The album hits its emotional and creative highpoint starting with a re-working of Cody Chesnutt’s “The Seed.” A successful single for the band, it channels the neo-soul leanings of the band perfectly, and leads into the album’s other single, “Break You Off,” which towards the fifth minute of its seven minute run time, delves into a drum-and-bass and strings section. This is all just preparation for “Water,” one of the most challenging and amazing pieces of music the Roots have ever recorded. One of the album’s most personal pieces – as it deals directly with Malik B.’s drug struggles – “Water” opens with a classic sounding Roots song that becomes, by its halfway mark, a cryptic sound collage representing the process of getting high and going through addiction. It is in turns disturbing and full of distraught, frayed moments. “Quills” and “Pussy Galore” keep the darker mood and the album closes with a spoken word poem by Amiri Baraka, “Something In the Way of Things (In Town),” backed by the jazz fusion the band had unleashed in spots throughout the album.

Phrenology has its rivals for my favorite Roots album (Things Fall Apart and Game Theory, especially), but as far as being the most forward-thinking record in their body of work, it is their most important release of the 00s and is on par with the best artistic rock albums of the same era. words/ j neas

MP3: The Roots :: Rolling With Heat
MP3: The Roots :: Water

7 thoughts on “Decade :: The Roots, Phrenology (2002)

  1. Phrenology is unqustionably daring and impressive, but my own personal opinion is that The Roots seem to have thrown everything at the wall, confident that it will all stick. Unfortunately there are too many experiments that don’t stand up to repeated listening, and ultimately cause me to ‘pass over’ this record in favour of something I can enjoy all the way through – such as Things Fall Apart.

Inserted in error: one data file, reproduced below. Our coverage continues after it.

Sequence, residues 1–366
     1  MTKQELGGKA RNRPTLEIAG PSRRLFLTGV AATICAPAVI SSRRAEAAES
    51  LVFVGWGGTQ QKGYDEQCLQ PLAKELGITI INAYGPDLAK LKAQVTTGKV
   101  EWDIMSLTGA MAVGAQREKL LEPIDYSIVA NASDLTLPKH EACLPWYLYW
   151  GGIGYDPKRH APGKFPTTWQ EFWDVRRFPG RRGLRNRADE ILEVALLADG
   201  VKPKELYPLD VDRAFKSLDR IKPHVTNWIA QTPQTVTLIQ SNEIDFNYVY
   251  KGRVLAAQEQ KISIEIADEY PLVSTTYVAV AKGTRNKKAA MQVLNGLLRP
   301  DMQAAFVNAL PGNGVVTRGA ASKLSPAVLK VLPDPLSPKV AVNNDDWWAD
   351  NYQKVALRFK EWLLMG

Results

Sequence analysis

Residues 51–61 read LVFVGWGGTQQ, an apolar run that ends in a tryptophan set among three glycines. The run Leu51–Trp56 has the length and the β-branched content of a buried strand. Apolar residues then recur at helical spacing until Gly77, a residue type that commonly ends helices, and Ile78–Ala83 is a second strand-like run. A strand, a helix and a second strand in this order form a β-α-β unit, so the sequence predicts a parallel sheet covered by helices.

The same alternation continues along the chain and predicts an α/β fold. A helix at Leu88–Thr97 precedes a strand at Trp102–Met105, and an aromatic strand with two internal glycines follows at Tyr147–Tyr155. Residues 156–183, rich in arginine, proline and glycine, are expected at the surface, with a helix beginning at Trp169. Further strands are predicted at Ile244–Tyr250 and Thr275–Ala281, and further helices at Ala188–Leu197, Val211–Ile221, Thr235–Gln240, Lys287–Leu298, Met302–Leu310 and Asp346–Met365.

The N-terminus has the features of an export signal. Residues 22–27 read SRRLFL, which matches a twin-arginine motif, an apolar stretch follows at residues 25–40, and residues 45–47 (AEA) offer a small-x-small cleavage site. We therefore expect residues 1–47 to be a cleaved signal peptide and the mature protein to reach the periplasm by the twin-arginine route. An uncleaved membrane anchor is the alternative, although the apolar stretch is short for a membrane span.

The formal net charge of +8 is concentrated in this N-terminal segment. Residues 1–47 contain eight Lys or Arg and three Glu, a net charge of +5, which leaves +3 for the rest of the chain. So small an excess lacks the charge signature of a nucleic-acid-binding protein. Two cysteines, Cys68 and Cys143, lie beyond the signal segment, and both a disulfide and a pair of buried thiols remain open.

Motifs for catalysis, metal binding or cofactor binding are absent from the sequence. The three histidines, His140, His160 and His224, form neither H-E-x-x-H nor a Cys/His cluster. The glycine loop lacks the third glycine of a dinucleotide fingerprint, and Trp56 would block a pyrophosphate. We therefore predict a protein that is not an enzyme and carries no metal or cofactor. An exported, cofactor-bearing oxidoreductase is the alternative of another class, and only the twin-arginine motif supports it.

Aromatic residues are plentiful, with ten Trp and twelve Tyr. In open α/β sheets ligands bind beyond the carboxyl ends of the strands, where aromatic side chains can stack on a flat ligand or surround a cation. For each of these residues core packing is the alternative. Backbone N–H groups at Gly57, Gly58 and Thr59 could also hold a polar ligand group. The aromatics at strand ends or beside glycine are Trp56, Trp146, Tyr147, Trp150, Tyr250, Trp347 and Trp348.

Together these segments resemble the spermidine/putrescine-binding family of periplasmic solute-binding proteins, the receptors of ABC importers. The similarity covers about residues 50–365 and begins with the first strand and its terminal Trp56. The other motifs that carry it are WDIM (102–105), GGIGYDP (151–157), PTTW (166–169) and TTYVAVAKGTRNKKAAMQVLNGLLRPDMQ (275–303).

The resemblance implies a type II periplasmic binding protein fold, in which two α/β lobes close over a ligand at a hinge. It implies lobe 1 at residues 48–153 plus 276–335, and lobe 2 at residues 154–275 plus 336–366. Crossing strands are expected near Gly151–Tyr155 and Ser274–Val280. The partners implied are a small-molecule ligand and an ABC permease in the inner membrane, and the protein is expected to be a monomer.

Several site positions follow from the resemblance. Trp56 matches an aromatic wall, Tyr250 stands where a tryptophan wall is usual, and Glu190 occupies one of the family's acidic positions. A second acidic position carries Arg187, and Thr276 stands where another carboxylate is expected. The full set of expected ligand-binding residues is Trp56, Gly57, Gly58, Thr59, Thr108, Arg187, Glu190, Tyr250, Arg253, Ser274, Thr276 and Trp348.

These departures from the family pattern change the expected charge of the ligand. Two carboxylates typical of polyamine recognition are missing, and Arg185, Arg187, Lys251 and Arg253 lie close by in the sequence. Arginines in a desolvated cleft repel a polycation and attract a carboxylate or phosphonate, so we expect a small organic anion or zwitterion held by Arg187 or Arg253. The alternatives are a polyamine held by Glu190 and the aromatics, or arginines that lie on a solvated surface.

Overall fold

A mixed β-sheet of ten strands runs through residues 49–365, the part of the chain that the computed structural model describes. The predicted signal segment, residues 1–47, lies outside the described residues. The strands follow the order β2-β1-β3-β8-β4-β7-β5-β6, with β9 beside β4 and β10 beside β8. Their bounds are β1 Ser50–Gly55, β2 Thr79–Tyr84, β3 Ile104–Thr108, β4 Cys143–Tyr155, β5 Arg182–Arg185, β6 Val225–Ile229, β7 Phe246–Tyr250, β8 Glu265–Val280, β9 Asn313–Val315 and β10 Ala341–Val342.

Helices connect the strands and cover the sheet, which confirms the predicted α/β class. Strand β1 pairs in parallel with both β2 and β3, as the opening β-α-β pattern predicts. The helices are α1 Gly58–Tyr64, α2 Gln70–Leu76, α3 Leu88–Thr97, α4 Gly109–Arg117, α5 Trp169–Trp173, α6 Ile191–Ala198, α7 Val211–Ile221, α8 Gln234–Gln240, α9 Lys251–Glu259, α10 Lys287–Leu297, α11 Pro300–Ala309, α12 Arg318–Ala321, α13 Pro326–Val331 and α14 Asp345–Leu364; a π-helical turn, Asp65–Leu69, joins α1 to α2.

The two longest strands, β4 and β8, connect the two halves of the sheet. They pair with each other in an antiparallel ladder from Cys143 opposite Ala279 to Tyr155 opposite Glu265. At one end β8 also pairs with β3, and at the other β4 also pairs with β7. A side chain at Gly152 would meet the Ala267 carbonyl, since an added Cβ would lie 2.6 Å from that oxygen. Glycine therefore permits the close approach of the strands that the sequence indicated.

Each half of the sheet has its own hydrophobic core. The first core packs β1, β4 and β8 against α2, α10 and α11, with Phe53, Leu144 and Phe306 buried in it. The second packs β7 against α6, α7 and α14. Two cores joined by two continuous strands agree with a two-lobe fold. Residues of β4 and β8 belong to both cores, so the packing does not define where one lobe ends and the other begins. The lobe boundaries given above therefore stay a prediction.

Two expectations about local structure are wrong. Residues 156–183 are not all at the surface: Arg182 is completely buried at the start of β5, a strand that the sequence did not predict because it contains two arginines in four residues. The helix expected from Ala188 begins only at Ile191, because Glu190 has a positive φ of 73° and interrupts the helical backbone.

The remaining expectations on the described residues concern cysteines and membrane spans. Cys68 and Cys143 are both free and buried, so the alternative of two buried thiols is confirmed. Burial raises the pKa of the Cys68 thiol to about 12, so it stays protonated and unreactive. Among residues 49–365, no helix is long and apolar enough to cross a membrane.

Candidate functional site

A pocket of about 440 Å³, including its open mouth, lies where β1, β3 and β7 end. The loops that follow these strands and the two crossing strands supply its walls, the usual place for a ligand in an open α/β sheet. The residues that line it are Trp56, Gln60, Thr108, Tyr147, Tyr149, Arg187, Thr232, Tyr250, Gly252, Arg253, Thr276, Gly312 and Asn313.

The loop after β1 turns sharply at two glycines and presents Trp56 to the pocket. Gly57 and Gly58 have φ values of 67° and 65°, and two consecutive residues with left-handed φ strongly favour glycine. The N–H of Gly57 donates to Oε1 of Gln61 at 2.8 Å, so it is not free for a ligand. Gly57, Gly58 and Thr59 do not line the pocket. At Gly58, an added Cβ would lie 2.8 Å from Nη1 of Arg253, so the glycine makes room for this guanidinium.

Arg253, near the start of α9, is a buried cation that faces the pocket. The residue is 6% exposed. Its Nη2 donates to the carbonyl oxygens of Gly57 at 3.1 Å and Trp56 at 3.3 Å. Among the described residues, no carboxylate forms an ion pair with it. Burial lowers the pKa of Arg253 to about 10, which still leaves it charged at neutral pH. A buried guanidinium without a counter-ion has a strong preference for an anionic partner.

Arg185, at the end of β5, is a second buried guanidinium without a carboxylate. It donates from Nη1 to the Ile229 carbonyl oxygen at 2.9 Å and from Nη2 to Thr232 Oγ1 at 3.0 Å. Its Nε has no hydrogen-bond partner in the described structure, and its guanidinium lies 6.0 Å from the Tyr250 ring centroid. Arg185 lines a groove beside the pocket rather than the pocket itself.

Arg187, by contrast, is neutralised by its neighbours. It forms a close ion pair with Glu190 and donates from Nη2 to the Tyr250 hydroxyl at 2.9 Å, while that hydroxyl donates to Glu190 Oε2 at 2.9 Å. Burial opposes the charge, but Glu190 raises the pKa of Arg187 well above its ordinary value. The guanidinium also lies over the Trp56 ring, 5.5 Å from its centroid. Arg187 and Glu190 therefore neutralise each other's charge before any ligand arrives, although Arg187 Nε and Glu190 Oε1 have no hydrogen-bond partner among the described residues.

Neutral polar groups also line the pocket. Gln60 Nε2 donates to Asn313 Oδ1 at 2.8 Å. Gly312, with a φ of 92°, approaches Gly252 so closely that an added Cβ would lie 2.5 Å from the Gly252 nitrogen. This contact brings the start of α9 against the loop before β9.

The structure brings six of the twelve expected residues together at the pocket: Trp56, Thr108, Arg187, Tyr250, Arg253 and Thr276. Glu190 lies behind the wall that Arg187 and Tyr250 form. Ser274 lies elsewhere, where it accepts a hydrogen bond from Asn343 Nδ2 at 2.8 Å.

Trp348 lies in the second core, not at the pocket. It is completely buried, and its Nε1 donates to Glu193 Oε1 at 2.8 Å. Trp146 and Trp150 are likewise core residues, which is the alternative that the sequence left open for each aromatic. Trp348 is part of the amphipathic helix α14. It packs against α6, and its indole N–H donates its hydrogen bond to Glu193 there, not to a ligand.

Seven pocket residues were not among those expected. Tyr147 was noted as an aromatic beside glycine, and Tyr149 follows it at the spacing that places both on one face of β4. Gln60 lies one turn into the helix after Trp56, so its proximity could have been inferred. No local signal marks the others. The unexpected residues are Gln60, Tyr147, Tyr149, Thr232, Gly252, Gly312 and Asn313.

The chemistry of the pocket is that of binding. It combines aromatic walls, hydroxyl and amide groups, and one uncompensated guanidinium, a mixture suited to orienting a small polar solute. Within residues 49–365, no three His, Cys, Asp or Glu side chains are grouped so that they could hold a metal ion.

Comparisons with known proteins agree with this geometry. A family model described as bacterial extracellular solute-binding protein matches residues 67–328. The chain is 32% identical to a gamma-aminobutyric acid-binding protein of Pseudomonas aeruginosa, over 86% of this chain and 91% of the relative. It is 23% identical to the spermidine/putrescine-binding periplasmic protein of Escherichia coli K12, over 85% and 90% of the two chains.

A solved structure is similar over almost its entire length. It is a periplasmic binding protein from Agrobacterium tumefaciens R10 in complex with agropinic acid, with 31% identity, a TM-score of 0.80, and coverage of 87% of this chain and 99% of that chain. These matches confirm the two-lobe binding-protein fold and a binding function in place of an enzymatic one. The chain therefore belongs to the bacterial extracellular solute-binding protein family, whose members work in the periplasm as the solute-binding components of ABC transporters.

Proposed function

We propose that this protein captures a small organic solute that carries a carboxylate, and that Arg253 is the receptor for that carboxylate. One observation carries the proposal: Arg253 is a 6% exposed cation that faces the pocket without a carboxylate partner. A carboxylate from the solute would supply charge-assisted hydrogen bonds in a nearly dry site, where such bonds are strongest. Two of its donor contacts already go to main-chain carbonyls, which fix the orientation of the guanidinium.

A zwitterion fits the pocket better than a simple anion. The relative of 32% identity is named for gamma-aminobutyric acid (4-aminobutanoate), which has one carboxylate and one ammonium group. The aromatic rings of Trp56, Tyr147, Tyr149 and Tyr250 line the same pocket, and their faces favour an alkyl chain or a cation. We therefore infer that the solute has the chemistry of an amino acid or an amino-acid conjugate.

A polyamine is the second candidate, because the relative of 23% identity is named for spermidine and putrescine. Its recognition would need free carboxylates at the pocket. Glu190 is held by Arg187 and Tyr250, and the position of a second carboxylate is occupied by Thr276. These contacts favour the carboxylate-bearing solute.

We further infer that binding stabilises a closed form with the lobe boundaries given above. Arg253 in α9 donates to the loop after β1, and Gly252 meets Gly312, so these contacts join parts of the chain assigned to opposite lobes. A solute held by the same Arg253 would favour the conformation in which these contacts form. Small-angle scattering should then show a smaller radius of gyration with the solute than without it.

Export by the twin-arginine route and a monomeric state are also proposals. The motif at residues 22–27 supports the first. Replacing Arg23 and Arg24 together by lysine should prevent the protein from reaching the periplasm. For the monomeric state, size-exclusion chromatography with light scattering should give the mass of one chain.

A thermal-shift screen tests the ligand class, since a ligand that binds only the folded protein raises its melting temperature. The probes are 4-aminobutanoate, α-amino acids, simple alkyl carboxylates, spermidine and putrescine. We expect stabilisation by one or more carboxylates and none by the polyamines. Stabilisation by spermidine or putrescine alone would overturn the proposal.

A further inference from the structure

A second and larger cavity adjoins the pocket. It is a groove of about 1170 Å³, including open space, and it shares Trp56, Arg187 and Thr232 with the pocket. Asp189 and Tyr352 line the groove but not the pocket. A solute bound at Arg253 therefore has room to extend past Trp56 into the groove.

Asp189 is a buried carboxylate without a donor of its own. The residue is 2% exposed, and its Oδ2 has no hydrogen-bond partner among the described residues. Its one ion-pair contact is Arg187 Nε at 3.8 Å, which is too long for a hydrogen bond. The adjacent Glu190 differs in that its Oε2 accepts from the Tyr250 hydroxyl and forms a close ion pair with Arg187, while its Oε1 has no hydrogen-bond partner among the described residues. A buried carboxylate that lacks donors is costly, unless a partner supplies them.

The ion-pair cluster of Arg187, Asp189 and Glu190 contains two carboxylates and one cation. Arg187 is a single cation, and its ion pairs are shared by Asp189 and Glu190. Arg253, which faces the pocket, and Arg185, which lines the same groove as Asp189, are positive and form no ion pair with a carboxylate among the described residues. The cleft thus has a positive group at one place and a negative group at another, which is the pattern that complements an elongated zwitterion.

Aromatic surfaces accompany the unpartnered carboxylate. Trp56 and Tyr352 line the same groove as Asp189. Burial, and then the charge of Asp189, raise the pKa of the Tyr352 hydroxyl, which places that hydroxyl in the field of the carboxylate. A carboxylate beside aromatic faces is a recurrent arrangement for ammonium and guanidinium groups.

I think I’ve had to delete a whole FOUR tracks of Phrenology from my MP3 player in the hope of making the record more cohesive/listenable – which is fair enough, but the biggest shame in my opinion , is the track “Water”. The first half of the track is amazing, but while the remainder may be a conceptual experiment, it is unlistenable, and far too lengthy. Just to be able to include it on a mix for friends I’ve had to edit the track and remove that last part entirely.

    So in summary, just a little restraint on behalf of the band would have gone a long way.

  2. @Neil – I can see where you’re coming from very easily, and there are times (mostly when I’m not really listening to Phrenology the album and just skipping through for my favorite songs) that I’ll give “Water” a pass. Maybe I’m just a sucker for hearing truly, genre-hopping work out of a hip-hop group, especially in a genre (just like any other, but more so, for various reasons) that can be so painfully insular at times. I have a few other hip-hop records due for Decade write-up before the end of the year and each of them holds some of these same qualities.

  3. I think that The Roots took a lot of chances on this album. The reason that it works is because they have the attitude of not caring if it works. I mean that in a good way. I guess a better way to put it would be to say that they have the artistic integrity to take these chances. The Roots don’t follow trends, they set them. Nice pic.

    Anyone interested in ?uestlove should also check out Al Green’s “Lay It Down”. Quest produced and played on the album. The tones on the album just sound so good. A real return to form for Al Green.